Brownstoner takes on Brooklyn history in Nabe Names, a series of briefs on the origins and surprising stories of neighborhood nomenclature.
Made famous for its blue-collar Italian Catholic community and love of disco in Saturday Night Fever, today Bay Ridge is home to one of the city’s largest Middle Eastern populations. But what’s in its name?
Farmed by the Dutch since the 17th century, the area that is now Bay Ridge initially consisted of two sister villages, Yellow Hook to the north and Fort Hamilton to the south.
Yellow Hook got its name for its peninsular shape and yellow soil. But in 1853, the name’s negative association with Yellow Fever caused residents to rename the area. They chose Bay Ridge, for the glacial ridge that separates the land from New York Bay.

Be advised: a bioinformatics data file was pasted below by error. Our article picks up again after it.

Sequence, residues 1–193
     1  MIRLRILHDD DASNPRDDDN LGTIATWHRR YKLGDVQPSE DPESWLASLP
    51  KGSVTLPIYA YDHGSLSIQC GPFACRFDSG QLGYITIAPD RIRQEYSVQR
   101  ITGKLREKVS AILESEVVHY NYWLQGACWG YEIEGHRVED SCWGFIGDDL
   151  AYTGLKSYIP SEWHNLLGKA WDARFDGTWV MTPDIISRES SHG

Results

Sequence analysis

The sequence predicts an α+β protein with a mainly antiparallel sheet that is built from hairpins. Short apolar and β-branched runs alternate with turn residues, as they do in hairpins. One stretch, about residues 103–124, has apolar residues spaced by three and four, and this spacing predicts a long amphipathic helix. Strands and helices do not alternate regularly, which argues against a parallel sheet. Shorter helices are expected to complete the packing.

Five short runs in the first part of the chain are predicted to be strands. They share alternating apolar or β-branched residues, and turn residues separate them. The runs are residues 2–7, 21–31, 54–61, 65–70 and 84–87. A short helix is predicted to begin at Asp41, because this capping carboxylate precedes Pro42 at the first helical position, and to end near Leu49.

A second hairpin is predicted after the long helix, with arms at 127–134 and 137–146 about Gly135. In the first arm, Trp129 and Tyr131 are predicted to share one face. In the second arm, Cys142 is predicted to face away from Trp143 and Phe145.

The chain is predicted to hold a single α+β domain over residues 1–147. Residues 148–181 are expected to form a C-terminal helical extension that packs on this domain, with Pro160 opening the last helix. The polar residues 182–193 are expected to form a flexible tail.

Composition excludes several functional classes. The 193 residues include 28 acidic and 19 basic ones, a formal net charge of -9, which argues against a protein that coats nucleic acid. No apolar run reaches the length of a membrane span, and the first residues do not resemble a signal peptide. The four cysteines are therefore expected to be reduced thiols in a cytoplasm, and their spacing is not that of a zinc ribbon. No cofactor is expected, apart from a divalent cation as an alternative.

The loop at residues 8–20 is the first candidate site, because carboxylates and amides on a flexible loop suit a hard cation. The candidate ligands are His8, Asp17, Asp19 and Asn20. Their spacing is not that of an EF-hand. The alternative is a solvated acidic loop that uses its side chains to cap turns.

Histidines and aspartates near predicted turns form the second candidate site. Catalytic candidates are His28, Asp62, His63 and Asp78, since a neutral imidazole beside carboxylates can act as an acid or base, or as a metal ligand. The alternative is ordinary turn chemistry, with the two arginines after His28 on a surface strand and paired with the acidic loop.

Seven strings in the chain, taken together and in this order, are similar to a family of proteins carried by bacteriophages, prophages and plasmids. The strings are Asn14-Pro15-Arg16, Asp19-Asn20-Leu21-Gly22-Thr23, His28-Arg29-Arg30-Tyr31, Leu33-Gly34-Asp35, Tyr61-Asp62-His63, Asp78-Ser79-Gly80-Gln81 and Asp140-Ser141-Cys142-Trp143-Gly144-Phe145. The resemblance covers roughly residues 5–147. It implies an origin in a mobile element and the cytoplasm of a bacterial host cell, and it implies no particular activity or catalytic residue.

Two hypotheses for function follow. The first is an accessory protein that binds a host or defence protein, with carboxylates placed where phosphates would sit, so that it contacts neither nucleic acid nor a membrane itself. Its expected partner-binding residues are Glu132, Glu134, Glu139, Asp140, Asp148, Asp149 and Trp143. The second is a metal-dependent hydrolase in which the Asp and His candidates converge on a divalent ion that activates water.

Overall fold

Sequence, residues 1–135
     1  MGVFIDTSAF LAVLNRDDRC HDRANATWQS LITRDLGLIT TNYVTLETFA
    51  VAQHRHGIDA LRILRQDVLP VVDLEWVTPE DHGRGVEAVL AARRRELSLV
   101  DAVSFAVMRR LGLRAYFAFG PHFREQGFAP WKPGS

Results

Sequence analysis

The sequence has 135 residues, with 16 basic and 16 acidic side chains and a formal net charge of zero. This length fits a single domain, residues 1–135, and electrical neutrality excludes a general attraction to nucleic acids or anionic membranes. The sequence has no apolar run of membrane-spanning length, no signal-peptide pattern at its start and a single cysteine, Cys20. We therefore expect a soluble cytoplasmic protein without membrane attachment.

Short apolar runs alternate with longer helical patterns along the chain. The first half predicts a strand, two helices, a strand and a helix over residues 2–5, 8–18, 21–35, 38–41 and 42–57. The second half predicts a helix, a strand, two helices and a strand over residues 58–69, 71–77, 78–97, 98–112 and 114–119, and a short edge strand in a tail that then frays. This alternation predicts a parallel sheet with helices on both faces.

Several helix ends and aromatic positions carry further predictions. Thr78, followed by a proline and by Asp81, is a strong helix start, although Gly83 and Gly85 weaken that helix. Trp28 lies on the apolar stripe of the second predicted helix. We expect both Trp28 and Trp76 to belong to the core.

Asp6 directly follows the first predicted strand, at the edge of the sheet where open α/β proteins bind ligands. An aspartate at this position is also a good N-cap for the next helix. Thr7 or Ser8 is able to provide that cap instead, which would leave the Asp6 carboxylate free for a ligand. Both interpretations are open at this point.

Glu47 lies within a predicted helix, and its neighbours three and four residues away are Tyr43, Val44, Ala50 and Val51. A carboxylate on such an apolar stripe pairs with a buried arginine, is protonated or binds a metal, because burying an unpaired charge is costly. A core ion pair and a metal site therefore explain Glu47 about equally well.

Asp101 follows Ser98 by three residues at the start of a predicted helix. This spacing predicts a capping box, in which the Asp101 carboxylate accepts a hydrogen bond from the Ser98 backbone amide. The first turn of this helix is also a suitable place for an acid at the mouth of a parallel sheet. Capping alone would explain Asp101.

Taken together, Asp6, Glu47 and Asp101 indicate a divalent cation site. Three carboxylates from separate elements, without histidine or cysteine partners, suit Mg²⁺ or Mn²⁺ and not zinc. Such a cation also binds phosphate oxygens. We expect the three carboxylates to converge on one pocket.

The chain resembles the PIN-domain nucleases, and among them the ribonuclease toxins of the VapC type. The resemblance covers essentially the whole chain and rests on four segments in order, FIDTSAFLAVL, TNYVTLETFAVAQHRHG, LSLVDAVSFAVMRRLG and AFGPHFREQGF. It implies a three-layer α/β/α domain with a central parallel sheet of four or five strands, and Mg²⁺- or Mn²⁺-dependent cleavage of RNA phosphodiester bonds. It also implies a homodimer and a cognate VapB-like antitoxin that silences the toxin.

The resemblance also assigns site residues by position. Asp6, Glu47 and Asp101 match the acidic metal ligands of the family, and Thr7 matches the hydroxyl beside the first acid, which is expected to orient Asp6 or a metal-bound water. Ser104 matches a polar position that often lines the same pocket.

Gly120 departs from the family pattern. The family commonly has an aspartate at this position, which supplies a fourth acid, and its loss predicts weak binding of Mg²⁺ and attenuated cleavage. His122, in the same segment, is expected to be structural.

For you non-geologists out there, the steep-sided ridge was formed by the Wisconsin Glacier about 10,000 years ago.
The Insider: Affordable Decorating, With a Glance to the Past, in Bay Ridge
Past and Present: The Bay Ridge Public Library
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